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Alonso’s Penalty Reversed After Twist in Alpine-Haas F1 Protests – Sports Illustrated

Alpine confirmed late Thursday night that the FIA stewards decided to reverse Fernando Alonso’s penalty, handing him back his seventh place finish at the United States Grand Prix. 
He also receives his six points back, but this outcome came with an interesting twist. 
Last weekend, Haas filed a protest following the U.S. Grand Prix regarding the Spaniard’s car, and the stewards ruled Sunday evening that it was driven in an unsafe condition. Alonso and Lance Stroll collided during the race, and while the Alpine driver was able to finish, his car was damaged. His right-wing mirror eventually fell off his car several laps later.
Alpine said in a Twitter thread, “The FIA has the right to black and orange flag a car during the race if they consider it unsafe and, on this occasion, they assessed the car and decided not to action the flag. Moreover, after the race, the FIA technical delegate considered the car legal.” 
The decision from the stewards was a 30-second post-race penalty, which dropped Alonso to 15th. In turn, Alpine filed a protest of its own about the admissibility of Haas’s protest. According to the Renault-owned team, it was filed 24 minutes past the deadline. 
The two teams were to meet with the stewards Thursday ahead of the Mexico City Grand Prix weekend, and they determined Alpine’s protest was not admissible because “there is no ability or right for any party to ‘protest’ a decision of the Stewards nor against a summons to a hearing,” per formula1.com. Alpine then requested a right of review, citing new evidence. According to The Race, the team’s sporting director Alan Permane argued “the word ‘impossible’ sets a very ‘high bar’—the Oxford Dictionary defines it as being something that cannot happen or be achieved and that in this case, there was nothing preventing Haas from lodging the protest within the 30-minute deadline,” via a handwritten note.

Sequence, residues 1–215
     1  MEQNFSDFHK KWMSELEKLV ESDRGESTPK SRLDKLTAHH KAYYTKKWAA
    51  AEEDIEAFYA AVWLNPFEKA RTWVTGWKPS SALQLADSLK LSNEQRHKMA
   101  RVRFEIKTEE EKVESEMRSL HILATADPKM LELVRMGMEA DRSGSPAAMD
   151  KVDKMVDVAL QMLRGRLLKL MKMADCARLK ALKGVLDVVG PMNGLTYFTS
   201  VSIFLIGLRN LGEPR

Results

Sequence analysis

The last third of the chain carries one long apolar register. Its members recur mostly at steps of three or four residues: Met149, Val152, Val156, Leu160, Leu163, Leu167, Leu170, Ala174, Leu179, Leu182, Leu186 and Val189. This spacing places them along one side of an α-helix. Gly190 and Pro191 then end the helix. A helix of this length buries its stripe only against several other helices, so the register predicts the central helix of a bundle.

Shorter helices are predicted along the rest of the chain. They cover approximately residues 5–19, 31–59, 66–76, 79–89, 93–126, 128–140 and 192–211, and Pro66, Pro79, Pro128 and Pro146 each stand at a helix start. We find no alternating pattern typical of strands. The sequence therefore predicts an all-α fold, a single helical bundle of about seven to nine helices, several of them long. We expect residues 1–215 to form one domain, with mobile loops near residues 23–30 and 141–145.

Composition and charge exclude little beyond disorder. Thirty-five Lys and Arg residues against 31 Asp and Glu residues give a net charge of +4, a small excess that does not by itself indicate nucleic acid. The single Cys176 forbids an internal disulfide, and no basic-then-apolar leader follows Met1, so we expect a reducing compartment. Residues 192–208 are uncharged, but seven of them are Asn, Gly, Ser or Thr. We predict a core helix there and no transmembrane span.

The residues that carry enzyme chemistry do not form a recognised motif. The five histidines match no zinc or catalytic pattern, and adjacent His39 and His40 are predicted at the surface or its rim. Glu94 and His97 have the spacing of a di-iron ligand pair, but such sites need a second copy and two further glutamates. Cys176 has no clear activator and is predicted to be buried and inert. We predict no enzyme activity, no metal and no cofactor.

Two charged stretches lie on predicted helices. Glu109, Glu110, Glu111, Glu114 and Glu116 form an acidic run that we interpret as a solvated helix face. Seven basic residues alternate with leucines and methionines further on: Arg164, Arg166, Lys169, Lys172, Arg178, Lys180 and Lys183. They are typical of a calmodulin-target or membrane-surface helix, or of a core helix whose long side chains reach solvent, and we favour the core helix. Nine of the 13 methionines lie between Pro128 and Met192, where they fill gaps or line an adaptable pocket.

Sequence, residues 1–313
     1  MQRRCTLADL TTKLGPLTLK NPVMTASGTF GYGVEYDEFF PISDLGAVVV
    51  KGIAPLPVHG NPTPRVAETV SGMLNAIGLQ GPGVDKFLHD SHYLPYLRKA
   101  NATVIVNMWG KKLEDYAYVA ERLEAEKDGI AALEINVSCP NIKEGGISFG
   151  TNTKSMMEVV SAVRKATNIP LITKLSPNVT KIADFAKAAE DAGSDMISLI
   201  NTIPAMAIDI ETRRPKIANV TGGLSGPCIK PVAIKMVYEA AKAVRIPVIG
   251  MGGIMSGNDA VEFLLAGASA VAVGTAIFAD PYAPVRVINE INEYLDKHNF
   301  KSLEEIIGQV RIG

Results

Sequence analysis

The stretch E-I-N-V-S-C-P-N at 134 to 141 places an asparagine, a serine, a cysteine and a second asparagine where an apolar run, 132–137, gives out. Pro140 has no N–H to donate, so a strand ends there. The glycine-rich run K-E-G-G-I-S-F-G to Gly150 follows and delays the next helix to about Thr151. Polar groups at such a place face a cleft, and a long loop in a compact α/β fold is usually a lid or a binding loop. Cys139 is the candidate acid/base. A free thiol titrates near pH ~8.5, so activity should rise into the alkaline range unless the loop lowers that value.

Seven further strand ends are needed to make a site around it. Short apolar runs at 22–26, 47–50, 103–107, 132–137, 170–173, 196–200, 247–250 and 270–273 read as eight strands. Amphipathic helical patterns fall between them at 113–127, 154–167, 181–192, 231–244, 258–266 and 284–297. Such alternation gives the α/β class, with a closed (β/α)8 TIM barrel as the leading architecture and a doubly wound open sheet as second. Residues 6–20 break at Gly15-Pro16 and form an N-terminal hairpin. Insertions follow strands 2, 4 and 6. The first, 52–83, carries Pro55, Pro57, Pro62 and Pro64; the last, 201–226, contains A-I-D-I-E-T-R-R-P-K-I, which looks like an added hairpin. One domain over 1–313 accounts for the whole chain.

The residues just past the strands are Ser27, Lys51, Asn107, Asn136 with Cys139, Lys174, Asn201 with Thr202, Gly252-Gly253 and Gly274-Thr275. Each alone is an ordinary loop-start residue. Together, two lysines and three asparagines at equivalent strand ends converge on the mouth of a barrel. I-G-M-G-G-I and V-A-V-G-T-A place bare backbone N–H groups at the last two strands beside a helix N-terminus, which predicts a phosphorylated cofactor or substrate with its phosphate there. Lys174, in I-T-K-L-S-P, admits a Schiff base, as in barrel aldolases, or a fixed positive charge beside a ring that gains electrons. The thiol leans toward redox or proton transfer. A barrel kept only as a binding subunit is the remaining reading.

Haas team manager Peter Crolla, though, said the team would have taken that route had they “not been told by the FIA official in race control that it had an hour” to lodge the initial protest.  
A hearing was held later Thursday evening where it was determined Haas could have submitted a handwritten protest during the 30-minute deadline. Given that this meant the requirement set by the regulations could have been met, the penalty decision “is rendered null and void.”
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